I show in global properties you have CPU clck set to 3 Mhz, Sysclk/8,

   

should that be 24 Mhz, Sysclk/1 ?

   

 

   

Regards, Dana.

   

 

   

Block Diagram of AN32200

0 Likes
Reply
Anonymous
Not applicable

 Thank you for your replies, dana!

   

When I use a LabView program instead of Terminal, I was able to fetch data from the UART, but I'm not sure whether I got exact 60 samples/second. I will change the CPU clock to 24MHz for higher speed as you told, but could you suggest me a kind of test to see how many ADC samples I got in 1 second?

0 Likes
Reply
Esteemed Contributor

The PSOC clock accuracy from datasheet is 23.4 Mhz to 24.6 Mhz.

   

 

   

If you are trying to get an AC line synchronous sampling rate then how many samples /

   

60 Hz cycle do you want ? If 1 sample per AC line cycle then feed a pin with a conditioned

   

signal from AC line and use that in interrupt to read ADC. If you need to read peak ac line

   

voltage this (old but useful) reference might help. You would use the SC block component,

   

see below. www.cypress.com/

   

 

   

If more than 1 sample per ac cycle then create a routine using ac line interrupt and count

   

the number of times you get adc result. If low bump up its clock in code with register writes.

   

Clock could be derived from PWM and you change its period slightly. If too many conversions

   

you lower ADC clock.

   

 

   

Regards, Dana.

0 Likes
Reply
Anonymous
Not applicable

 Thanks danaa for your help!

   

I solved the problem by using my Labview program, the number of samples doesn't matter anymore because I can control the display rate with the loop.

   

However, another problem appeared, when I put the readadc() and send_ADC() function in the while loop of putting DAC, the DAC function only show the fixed value, it didn't show the ramp up as before anymore:

   

   

As you can see, this is the image I took with my Labview chart, at the certain time, it changes the value and didn't show the ramp I expected. I tried removing the ADC function and the ramp appears again. I am so confused and don't understand why. Could you give me some advice on this problem? I attached my prj below.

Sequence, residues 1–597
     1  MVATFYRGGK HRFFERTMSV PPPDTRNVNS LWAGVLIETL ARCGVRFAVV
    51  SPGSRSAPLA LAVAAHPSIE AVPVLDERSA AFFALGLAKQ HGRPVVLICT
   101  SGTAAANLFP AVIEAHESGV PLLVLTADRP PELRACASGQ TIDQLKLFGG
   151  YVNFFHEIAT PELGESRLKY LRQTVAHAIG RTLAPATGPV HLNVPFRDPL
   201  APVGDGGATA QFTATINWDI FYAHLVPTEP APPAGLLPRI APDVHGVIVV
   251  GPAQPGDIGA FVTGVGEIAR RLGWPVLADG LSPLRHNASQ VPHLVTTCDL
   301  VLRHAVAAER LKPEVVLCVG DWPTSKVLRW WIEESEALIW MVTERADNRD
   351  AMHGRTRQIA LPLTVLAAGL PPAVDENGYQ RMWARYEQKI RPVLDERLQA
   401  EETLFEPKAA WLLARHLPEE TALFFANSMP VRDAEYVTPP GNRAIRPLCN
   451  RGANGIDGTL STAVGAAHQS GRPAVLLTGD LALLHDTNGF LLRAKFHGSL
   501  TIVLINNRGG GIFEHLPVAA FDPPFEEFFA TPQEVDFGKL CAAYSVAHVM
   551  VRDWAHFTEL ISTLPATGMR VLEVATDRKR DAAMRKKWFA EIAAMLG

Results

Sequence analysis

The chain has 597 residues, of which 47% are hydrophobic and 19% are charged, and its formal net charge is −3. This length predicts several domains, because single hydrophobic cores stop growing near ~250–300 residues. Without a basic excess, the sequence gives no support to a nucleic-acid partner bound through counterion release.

Again, thanks for your help during the past time. I am so close to the result right now. 

0 Likes
Reply
Esteemed Contributor

When you call main1() in main(), you then execute Timer_DAC() once,

   

then sit in an infinite while loop. Is that intended ?

   

 

   

The compiler may be doing the right thing with this                                                 if(tick2ms%32==0 && flag2ms)
(order of precedence) but I think for safety, readability you should type                 if( ( tick2ms%32 == 0 ) && flag2ms)
 

   

 I cant remember that table for the life of me.

   

 

   

Regards, Dana.

   

 

   

Order of precedence -

   

 

   

0 Likes
Reply
Anonymous
Not applicable

 In your code you use a lot of while(){} this kind of construct limits the numbers of things you MCU may do. It would be better to use the "if" construct and use a while loop in the main. 

   

In your read ADC rather than wait for the value to be ready, you check for the presence of the flag and read it only if it's ready. If not you continue.

   

 

   

As for the writestall, you write to the DAC every single loop. It would be better to write it on change only. In one of my project i was using this approach and it caused some instability at the pin output.

0 Likes
Reply
Esteemed Contributor

I noticed Dac9_2 is always written with a value of 255, seems

   

like you would only have to do that once based on your code.

   

What is DAC9_2 used for, seems like its irrrelevant ?

   

 

   

One other issue is the DAC9 has the potential to glitch. If thats a problem

   

you could filter its output with R-C low pass and pass back thru PGA to buffer.

   

Or if settling time not a big issue use a PWM followed by a LPF to create a DAC.

   

In fact you can get more resolution that the DAC9 offers. Just a thought.

   

 

   

Regards, Dana.

0 Likes
Reply
Anonymous
Not applicable

Thanks guys for your replies!

   

danaa: my intention is to repeat the DAC() as control but I haven't come to that part. And thanks for your fix to my code. Beside, I used DAC9_2 to output 2.5V as the reference voltage for op amp and in amp, do you think it's ok to do that? In my prj, glitch isn't a problem so I think that's ok to use DAC 🙂 if further requirement needs precise DAC, I will try your suggestion.